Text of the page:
Free-range Egg Production Does Not Raise Bird Flu Risk

AUSTRALIA - An increase in free-range egg production will not lead to a rise in the number of avian flu outbreaks in the industry, according to free-range farmer Phil Westwood.
calendar icon 4 November 2013
clock icon 2 minute read

Senator Barnaby Joyce recently claimed that as the major supermarkets move towards free-range egg production, outbreaks of disease like avian flu would become more common.

According to ABC, Mr Westwood, a free-range egg farmer from Philip Island in south eastern Victoria, said the real problems come from high density systems where large bodies of water attract primary carriers of the disease, wild ducks.

"Most of the problems are created by large numbers of birds, many thousands of birds per shed and per flock," he said.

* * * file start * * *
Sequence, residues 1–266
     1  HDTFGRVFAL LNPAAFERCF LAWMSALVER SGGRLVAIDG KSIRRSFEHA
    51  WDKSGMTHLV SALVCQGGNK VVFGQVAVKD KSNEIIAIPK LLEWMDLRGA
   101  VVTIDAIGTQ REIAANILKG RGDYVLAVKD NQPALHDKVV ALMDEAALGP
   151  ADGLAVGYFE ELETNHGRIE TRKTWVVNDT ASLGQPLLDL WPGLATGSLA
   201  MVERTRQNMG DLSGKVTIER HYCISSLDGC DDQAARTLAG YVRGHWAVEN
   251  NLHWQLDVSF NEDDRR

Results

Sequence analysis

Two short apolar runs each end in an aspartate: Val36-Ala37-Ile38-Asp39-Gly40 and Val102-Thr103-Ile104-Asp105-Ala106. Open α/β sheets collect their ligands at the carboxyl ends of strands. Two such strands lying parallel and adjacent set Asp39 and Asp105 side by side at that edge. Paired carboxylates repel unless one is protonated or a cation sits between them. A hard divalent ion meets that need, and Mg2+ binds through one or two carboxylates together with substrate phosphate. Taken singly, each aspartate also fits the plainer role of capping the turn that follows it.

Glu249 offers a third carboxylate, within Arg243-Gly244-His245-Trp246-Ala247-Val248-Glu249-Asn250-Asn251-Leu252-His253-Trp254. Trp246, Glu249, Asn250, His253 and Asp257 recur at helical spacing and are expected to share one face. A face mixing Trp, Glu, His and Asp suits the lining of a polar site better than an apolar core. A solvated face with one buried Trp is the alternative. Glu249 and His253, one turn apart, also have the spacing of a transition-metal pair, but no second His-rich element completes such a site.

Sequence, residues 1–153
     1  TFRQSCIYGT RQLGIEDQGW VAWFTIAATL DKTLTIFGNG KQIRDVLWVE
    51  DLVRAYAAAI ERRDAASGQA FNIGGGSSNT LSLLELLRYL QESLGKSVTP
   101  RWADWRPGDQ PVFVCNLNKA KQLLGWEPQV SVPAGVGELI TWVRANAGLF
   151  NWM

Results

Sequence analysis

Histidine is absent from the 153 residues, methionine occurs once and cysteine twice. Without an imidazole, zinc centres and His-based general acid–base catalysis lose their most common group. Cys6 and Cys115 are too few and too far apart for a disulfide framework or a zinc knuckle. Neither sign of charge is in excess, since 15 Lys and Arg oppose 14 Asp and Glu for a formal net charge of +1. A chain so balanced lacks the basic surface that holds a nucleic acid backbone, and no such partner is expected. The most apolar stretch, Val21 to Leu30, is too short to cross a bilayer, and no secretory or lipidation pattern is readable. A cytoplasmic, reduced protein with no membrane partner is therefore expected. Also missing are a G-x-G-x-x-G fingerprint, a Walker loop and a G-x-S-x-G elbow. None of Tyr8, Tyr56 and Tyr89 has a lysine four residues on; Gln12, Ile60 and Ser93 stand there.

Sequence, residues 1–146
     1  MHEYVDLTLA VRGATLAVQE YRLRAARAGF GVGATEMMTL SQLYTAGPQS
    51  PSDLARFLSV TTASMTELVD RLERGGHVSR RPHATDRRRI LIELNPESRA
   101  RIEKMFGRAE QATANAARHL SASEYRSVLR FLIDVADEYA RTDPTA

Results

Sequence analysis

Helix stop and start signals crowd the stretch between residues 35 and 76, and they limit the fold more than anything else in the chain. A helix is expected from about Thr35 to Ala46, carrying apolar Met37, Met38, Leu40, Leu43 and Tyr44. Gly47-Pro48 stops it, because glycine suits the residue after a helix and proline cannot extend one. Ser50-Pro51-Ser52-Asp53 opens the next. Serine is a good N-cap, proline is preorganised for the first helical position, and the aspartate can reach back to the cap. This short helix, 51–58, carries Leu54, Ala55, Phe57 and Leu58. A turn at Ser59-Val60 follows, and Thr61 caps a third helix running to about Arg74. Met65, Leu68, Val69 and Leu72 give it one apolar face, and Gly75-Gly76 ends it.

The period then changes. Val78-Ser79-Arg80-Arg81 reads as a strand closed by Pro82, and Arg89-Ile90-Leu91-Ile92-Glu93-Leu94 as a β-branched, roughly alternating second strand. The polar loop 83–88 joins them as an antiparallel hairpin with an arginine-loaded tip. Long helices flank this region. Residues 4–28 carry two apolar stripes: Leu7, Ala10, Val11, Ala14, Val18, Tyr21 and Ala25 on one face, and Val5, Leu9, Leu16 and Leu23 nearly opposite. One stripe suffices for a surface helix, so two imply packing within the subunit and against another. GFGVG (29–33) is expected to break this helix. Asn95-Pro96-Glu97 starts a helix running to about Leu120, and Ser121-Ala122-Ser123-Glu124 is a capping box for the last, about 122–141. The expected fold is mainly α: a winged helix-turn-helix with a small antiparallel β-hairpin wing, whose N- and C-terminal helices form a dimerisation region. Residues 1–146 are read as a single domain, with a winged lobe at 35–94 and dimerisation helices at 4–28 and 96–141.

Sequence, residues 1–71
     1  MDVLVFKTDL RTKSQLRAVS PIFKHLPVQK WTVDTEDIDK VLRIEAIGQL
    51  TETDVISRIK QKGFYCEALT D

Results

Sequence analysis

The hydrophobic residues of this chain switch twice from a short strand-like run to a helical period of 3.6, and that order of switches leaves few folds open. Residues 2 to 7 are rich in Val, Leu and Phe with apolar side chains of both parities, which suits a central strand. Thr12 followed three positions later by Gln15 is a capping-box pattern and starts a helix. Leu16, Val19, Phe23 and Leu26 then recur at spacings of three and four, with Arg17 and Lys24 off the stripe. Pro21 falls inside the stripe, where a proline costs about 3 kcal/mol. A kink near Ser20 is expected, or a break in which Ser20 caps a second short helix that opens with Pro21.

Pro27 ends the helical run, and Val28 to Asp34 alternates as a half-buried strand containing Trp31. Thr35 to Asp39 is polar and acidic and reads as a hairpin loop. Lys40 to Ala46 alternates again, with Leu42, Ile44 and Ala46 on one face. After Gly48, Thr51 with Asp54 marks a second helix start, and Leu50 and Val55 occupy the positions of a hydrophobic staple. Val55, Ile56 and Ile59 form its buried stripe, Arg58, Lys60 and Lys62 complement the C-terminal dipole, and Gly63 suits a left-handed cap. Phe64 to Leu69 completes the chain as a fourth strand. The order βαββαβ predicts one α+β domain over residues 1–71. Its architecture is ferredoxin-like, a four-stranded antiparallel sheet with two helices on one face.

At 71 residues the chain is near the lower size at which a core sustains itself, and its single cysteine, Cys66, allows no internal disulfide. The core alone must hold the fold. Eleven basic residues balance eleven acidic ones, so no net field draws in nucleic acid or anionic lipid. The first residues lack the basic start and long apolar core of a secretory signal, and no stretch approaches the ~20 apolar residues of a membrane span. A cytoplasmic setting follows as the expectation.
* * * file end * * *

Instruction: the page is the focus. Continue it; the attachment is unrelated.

"Farms [like that] that have big dams are obviously going to very attractive to wild ducks."

Mr Westwood said that low density stocking rates reduce the need for large dams, which generally leads to less wild ducks on farm.

Mr Westwood also accused Senator Joyce of being "misinformed" and only listening to "the big end of town."

"The corporate egg producers are the ones that are telling him this is an issue, because they don't really want to go down the free-range route," he said.

"To do the mickey-mouse operations that the big corporations are trying to do ... and call them free-range, isn't going to work and is going to generate more of these sorts of problems."

The definition of 'free-range' is debatable, as there is no national standard in place, concludes the ABC report.

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